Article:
Miraculous Survival During the Holocaust
The kindness of strangers and luck allowed a handful of Jews to escape the Nazis.
The community will hold its annual Holocaust commemoration at the Memorial to the Six Million at Greenwood Cemetery at 11 a.m. Sunday, April 23. We will hear a story of miracles from our keynote speaker, Manuela Mendels Bornstein.
Through the miracle of survival, she escaped the Nazi onslaught that crushed the lives of 6 million Jews. The Nazi war machine and extermination plan were too effective for many to escape, but some did.
Those who survived are our witnesses to the degradation and decimation of our people. Bornstein is one of those witnesses. A tale of luck and perseverance, it is one of our guideposts for finding a light out of the darkness.
Others experienced miracles of survival as well.
Philip Maisel described when he was a 17-year-old in Lithuania, hiding from soldiers as they swept through the ghetto, rounding up people for transport to work camps. Pressing his back against the wall of a darkened room and trying not to breathe, he heard footsteps climb the stairs, then felt a soldier’s hand on his chest.
“I was fully aware of the danger which threatened me,” he said.
But the lights did not go on, and he heard the soldier report that the room was empty.
“This unexpected relief I could never forget,” Maisel said. “Why did he do it? Even today I can’t answer that question. I think about it often, but I can’t answer it.”
Over the next five years, Maisel witnessed unspeakable suffering and cheated death several times before he was liberated from a death march. “I survived due to the kindness and humanity of other people.”
A similar story of miracles concerns Dr. Dovid Landau, a dentist in Poland who was patronized surreptitiously by Nazi soldiers even though it was strictly forbidden to go to a Jewish professional. They befriended him, and through those connections he helped the Jewish community by having a number of harsh decrees annulled. He used his friendships with his Nazi patients to ensure a somewhat easier life for his brethren.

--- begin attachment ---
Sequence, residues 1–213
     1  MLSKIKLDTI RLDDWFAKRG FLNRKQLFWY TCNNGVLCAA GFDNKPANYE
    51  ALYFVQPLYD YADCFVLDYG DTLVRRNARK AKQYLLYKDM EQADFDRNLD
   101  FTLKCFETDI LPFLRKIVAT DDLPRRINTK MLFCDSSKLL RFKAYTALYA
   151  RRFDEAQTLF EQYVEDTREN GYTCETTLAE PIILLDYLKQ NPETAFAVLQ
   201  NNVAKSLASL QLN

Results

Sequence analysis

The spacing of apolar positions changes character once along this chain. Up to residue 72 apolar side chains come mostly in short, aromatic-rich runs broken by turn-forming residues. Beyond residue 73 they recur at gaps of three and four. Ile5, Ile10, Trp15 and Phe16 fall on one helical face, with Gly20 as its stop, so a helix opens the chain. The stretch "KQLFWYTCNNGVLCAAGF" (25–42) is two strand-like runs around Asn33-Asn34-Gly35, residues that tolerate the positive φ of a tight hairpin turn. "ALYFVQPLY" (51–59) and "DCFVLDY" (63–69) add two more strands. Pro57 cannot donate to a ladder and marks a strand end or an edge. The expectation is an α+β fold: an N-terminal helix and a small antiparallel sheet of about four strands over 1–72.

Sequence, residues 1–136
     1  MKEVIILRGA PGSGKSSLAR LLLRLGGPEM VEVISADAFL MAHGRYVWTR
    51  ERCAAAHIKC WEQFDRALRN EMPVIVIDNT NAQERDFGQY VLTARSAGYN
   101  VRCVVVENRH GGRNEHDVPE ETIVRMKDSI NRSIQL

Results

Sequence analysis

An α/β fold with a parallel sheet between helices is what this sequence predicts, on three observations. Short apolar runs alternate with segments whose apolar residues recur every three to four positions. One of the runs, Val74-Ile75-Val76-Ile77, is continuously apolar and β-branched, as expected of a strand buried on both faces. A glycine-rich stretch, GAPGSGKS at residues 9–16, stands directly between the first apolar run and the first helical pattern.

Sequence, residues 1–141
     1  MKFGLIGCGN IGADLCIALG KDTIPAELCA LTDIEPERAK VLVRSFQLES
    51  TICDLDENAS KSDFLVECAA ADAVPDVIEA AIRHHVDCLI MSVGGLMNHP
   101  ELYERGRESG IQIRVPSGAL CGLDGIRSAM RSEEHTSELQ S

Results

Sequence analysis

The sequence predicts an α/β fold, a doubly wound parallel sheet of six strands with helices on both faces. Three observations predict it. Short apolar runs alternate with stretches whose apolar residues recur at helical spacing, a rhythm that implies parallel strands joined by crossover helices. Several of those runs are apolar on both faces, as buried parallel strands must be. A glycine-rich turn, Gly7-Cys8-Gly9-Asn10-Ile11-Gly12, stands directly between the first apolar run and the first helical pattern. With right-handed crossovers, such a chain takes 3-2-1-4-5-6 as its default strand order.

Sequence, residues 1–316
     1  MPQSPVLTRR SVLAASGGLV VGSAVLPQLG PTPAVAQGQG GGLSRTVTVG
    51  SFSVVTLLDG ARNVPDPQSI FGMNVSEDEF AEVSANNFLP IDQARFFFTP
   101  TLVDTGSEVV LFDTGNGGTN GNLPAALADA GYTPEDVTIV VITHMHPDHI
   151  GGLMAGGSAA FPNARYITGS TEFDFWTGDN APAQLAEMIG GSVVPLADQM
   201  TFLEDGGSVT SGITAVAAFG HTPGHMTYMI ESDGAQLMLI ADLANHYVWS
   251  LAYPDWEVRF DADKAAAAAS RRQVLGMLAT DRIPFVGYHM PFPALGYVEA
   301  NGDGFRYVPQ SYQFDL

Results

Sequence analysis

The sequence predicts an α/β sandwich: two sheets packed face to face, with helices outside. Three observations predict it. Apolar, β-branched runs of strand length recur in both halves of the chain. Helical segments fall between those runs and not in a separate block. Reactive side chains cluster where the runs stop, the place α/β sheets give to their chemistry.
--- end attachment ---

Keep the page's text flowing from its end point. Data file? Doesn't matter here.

But fortune turned, and one day, at the scene of a public hanging, Landau was ordered to put the nooses around the necks of three Jews accused of a minor crime. He refused, and the German commander instructed two soldiers to take him out to the fields and shoot him. Both men happened to be Landau’s patients.
When they arrived at the outskirts of town, one whispered to him: “Don’t be afraid. We’ll dig a shallow grave. Climb in, and stay there until it gets dark. Run deep into the forest. We know there are Jewish partisans hiding out there, and maybe you can join them. But remember, whatever you do, don’t ever show your face in our town again.”
They took out their guns, shot twice into the air, returned to the site of the hanging and told the commander the job was done.
Landau was then aided by a Polish farmer with food and a place to sleep, and eventually the farmer pointed him in the direction of the forest where the partisans were hiding. When Landau finally found the partisans, they were as excited as he, declaring his arrival to be providential.
Many of them knew him from town and knew him to be a skilled dentist. After they had hidden in the forest so long, their teeth had become neglected, their gums badly swollen.
The next day, two of them ventured out of the woods to steal dental equipment and medicine, and Landau began a second thriving practice — in the forest. In addition to his dentistry, he fully participated in partisan activity against the Germans and was involved in skirmishes where many of his comrades were mortally wounded.
He was nearly captured or killed several times himself, but somehow he always managed to escape death at the last minute.
Miracles are all around us. They come in many shapes and sizes. Some people directly experience them, many in the depths of horror or despair. Come hear Manuela Bornstein’s story.